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Two decades later, it’s time for a new approach to protecting national security grounded in the lessons we’ve learned and the changes in the world around us.

Prevent­ing another 9/11 has domin­ated U.S. national secur­ity policy for the past 20 years. During this time, the world has changed dramat­ic­ally, and so have the threats and chal­lenges that our coun­try faces. Moreover, after two decades, we can see which of our national secur­ity strategies have worked, which haven’t, and which have actu­ally caused harm — to inno­cent popu­la­tions over­seas and to our own plur­al­istic soci­ety. Yet our govern­ment has been slow to adapt to these changes and lessons.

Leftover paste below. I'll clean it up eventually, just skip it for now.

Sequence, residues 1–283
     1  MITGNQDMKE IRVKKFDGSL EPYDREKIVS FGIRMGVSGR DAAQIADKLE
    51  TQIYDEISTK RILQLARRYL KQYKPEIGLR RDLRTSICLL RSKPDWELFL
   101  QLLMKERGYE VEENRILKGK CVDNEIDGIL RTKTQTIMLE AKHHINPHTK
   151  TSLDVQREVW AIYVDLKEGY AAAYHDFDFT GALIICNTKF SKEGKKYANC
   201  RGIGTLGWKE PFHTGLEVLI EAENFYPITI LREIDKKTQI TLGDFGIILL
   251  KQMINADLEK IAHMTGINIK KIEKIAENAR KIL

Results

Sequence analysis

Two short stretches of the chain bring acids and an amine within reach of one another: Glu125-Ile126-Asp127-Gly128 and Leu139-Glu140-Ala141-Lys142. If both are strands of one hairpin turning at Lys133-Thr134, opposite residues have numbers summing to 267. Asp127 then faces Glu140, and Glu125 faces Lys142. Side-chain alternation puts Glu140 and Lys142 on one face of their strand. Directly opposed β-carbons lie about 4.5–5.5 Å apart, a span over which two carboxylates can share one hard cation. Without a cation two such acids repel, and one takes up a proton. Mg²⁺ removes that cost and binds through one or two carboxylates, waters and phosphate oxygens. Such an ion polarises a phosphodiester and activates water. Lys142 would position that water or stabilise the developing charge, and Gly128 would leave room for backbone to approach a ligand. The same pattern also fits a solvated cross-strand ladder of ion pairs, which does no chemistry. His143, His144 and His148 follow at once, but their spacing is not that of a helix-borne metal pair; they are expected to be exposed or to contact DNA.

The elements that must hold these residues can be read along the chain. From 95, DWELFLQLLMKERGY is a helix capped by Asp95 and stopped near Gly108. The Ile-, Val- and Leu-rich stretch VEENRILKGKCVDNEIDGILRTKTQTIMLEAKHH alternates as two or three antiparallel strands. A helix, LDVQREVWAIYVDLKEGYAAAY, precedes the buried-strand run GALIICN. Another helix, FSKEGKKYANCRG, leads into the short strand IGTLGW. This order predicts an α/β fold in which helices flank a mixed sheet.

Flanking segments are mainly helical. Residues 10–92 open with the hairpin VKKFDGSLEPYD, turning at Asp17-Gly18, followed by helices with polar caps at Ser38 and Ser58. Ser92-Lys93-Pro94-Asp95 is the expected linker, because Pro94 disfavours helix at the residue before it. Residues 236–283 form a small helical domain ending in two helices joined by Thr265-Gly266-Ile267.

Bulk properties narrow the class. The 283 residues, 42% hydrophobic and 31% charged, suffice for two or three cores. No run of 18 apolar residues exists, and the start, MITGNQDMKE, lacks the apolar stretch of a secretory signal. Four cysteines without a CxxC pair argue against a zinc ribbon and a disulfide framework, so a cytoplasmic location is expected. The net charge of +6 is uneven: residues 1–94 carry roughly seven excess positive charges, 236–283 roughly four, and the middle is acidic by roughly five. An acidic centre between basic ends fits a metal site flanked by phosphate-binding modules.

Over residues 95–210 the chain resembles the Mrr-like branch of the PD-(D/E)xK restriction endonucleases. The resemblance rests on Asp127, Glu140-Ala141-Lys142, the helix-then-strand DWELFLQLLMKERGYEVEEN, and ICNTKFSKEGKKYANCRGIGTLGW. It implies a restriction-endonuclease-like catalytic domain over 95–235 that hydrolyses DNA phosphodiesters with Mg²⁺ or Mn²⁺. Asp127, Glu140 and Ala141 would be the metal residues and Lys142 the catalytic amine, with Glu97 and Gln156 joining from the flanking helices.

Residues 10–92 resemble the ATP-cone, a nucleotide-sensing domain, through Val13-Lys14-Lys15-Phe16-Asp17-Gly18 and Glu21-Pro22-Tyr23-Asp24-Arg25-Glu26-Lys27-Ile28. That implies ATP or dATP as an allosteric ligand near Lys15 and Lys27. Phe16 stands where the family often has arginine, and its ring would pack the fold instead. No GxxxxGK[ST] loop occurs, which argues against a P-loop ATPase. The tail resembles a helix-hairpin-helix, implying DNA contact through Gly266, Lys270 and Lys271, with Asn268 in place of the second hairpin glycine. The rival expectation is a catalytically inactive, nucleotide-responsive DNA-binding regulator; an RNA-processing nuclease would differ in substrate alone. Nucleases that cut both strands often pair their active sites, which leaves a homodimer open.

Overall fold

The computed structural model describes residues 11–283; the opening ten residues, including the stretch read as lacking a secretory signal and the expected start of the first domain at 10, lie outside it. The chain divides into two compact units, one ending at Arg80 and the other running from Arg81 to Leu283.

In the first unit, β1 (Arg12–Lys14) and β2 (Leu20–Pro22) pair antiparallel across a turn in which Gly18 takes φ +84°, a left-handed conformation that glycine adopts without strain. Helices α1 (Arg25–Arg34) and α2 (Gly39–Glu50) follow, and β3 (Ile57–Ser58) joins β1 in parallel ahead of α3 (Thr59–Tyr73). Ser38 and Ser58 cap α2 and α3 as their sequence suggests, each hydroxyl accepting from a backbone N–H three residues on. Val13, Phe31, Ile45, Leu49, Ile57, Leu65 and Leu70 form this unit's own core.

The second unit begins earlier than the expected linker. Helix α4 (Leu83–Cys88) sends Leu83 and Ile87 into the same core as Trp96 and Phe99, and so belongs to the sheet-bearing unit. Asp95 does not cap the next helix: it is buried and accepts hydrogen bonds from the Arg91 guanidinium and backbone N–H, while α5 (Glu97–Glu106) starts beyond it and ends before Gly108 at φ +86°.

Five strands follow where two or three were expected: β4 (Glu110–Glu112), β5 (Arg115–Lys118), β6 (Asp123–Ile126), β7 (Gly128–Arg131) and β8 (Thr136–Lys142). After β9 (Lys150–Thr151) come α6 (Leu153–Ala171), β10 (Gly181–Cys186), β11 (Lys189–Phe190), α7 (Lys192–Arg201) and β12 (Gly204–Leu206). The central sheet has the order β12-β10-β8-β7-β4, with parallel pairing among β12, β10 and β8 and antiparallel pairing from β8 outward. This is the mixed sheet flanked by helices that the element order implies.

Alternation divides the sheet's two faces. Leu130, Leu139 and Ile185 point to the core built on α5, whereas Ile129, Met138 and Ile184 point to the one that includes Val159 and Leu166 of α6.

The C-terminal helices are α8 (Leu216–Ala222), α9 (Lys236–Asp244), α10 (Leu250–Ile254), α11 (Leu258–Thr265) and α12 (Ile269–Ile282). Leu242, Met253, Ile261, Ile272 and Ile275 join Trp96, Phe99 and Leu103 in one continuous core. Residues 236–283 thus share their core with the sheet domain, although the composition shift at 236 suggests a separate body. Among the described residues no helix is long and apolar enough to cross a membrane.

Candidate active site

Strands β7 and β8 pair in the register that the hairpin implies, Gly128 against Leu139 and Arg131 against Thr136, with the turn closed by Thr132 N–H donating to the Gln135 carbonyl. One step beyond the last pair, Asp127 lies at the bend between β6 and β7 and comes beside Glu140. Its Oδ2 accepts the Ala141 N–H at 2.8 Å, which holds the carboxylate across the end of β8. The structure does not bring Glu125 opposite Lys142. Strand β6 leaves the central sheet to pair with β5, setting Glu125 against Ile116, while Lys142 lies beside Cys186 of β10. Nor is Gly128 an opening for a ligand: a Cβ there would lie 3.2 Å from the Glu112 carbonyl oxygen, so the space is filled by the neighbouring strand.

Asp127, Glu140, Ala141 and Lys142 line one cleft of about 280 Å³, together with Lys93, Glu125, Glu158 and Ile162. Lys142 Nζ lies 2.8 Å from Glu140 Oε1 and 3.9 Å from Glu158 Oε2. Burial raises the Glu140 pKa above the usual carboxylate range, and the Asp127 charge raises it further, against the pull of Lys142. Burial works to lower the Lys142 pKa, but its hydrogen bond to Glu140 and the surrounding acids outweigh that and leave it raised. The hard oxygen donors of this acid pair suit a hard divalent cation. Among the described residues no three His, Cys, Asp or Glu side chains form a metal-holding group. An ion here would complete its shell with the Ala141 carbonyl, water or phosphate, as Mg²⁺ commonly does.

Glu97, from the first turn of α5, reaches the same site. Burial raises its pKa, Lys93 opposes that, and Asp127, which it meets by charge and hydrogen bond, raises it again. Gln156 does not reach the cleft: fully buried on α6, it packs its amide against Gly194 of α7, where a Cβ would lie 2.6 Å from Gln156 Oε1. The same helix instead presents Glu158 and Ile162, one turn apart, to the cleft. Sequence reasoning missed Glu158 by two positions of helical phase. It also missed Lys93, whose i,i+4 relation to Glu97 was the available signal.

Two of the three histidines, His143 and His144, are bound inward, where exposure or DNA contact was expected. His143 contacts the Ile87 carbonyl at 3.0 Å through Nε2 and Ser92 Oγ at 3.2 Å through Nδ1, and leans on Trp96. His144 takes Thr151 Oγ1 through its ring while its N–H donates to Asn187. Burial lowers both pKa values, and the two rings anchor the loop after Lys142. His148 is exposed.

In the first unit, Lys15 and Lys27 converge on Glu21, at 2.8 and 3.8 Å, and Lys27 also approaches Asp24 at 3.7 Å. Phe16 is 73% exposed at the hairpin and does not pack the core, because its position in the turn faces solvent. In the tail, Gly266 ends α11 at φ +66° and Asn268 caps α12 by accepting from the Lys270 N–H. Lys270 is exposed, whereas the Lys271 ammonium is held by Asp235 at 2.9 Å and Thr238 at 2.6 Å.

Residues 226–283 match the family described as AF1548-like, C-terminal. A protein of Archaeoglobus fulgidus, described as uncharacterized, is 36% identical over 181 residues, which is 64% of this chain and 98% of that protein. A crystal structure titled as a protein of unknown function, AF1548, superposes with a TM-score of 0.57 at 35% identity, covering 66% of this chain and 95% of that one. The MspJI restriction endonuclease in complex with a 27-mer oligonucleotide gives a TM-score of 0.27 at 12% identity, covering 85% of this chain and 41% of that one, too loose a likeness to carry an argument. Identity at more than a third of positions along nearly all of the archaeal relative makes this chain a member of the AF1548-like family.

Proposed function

This series of essays, by experts from a vari­ety of back­grounds and perspect­ives, offers a 30,000-foot critique of where we went wrong after 9/11 and a vision for how we should be approach­ing national secur­ity today. They address a range of issues, from racial profil­ing to secret wars to mass surveil­lance to the future of the Depart­ment of Home­land Secur­ity. The authors include past and present members of Congress, former senior exec­ut­ive branch offi­cials, legal schol­ars, and Bren­nan Center experts. 

We can protect our national secur­ity while respect­ing demo­cratic values and core consti­tu­tional freedoms. These essays offer a blue­print for doing just that.

Image: Stephen Simpson/©fito­pardo/filo/Supawat Kaydee­sud/EyeEm